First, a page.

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Google admits it erred in new AI tool for racial depictions

A newly released Google AI tool had been generating false historical images of people of color, prompting Google to stop the tool.
Google admits it erred in new AI tool for racial depictions
Posted at 12:18 PM, Feb 23, 2024

Google has temporarily stopped its AI tool Gemini from producing images of people after some backlash over historically inaccurate depictions of race.

The AI tool generated false historical images of people of color. For example, pictures were altered to make White U.S. founding fathers appear Black. 

Google admits Gemini is "missing the mark."

"Some of the images generated are inaccurate or even offensive. We’re grateful for users’ feedback and are sorry the feature didn't work well," said Prabhakar Raghavan, Google senior vice president. "We’ve acknowledged the mistake and temporarily paused image generation of people in Gemini while we work on an improved version."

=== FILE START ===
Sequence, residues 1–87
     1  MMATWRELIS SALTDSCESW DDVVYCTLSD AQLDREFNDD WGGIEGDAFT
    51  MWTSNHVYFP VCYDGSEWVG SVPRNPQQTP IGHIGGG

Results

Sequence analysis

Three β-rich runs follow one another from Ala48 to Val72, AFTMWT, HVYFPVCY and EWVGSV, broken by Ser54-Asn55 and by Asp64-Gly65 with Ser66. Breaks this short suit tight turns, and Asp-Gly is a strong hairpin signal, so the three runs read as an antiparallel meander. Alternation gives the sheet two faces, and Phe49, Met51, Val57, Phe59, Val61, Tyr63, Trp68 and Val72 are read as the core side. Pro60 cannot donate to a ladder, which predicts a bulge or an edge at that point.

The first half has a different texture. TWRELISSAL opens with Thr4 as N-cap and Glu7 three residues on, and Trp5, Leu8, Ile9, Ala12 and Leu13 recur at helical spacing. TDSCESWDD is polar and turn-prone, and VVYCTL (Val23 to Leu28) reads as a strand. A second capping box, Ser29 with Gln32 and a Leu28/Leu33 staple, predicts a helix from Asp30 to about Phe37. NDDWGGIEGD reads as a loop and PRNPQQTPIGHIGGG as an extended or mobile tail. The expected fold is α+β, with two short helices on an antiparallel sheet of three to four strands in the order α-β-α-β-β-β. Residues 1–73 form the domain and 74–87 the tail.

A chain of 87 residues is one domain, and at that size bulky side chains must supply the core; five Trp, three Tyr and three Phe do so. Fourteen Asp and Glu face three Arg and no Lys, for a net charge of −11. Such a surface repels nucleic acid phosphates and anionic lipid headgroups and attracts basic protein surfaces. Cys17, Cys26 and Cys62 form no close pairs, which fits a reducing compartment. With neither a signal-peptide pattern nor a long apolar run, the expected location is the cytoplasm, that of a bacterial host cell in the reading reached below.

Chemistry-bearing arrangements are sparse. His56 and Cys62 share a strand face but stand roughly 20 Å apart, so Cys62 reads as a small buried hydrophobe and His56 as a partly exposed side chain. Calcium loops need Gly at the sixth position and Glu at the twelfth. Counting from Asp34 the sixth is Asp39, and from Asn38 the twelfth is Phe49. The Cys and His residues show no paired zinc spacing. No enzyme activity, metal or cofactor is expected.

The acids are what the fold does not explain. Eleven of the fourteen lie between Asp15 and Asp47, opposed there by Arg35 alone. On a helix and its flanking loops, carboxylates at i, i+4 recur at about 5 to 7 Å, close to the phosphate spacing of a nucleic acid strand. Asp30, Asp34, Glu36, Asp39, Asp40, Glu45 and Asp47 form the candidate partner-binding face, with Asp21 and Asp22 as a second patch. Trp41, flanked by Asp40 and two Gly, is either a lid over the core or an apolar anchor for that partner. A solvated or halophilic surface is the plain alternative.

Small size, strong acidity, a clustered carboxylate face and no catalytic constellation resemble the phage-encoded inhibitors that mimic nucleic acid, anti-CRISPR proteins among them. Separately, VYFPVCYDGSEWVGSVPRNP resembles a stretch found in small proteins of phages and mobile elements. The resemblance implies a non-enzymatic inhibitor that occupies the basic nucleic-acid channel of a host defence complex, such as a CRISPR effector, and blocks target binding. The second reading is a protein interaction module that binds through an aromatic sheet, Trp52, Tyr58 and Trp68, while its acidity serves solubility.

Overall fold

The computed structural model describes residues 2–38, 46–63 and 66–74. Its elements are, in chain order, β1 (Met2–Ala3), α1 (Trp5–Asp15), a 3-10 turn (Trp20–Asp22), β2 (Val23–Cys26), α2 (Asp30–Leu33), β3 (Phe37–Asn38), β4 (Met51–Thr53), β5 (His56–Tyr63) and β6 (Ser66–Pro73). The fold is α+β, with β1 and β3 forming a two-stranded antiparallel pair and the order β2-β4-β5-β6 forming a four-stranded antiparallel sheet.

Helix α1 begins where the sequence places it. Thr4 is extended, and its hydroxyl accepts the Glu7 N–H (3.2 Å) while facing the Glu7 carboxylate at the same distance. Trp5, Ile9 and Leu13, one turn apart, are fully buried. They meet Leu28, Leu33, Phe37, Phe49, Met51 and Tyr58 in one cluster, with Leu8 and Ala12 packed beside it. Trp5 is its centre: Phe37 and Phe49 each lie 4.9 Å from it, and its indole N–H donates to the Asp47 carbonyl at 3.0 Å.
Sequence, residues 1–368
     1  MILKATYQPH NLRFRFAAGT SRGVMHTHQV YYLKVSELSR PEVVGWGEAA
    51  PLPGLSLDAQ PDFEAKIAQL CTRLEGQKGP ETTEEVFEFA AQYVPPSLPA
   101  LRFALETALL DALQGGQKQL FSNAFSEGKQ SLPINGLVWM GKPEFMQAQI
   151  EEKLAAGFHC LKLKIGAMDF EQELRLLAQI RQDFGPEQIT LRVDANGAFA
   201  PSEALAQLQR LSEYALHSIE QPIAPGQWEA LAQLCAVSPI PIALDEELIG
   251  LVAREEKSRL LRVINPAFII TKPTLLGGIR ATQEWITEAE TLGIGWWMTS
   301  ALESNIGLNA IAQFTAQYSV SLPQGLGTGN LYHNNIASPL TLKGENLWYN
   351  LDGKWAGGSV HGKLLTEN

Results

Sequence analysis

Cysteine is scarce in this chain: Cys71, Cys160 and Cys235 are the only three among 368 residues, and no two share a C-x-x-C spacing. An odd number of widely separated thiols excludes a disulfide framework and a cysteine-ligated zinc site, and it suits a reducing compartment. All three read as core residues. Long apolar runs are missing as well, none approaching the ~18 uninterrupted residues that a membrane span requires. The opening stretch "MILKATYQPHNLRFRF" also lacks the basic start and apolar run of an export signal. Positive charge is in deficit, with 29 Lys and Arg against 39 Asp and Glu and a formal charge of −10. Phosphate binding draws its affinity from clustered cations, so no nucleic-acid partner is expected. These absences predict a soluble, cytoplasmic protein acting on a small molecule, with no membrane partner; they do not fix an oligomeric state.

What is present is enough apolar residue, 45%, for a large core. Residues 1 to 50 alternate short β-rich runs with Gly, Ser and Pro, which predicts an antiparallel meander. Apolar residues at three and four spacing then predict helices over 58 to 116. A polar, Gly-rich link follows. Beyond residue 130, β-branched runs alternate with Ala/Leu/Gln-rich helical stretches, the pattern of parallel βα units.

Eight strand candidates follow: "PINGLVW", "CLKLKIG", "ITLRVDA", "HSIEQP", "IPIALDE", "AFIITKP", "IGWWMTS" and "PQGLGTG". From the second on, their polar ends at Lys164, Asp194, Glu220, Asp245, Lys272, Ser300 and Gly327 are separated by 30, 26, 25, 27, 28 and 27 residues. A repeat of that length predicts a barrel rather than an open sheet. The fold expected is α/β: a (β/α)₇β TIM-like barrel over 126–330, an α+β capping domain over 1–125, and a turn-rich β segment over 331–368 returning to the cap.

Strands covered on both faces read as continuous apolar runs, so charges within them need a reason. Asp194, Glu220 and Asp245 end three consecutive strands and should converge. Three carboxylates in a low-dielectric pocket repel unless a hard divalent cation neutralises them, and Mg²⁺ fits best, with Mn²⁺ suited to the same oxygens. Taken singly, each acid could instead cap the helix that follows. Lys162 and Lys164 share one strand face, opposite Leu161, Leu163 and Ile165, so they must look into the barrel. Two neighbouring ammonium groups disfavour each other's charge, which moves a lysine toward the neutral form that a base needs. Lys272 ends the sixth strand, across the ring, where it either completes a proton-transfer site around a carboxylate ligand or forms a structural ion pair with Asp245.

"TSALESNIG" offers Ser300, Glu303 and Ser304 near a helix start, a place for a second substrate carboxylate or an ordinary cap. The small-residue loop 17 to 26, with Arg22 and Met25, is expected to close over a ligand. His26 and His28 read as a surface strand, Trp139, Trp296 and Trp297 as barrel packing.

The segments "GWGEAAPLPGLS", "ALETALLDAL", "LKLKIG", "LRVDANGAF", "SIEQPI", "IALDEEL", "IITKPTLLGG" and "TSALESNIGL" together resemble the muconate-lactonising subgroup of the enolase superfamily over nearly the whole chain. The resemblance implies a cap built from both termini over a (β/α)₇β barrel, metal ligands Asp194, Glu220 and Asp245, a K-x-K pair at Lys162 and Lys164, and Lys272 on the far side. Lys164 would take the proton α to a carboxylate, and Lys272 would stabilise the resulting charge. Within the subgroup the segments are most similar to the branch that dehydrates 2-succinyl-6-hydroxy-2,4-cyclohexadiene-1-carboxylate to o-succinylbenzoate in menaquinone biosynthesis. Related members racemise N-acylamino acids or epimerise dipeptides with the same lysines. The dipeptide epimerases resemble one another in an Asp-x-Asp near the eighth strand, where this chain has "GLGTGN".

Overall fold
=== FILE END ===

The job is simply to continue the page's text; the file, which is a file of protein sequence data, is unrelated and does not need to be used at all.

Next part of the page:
The feature had only been out for three weeks. Raghavan said that the model overcompensated in some cases, and was overly conservative in others, in creating its depictions. 

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"If you prompt Gemini for images of a specific type of person — such as 'a Black teacher in a classroom,' or 'a white veterinarian with a dog' — or people in particular cultural or historical contexts, you should absolutely get a response that accurately reflects what you ask for," Raghavan said. "So what went wrong? In short, two things. 

"First, our tuning to ensure that Gemini showed a range of people failed to account for cases that should clearly not show a range. And second, over time, the model became way more cautious than we intended and refused to answer certain prompts entirely — wrongly interpreting some very anodyne prompts as sensitive."

Google has not said when the feature will be rereleased.

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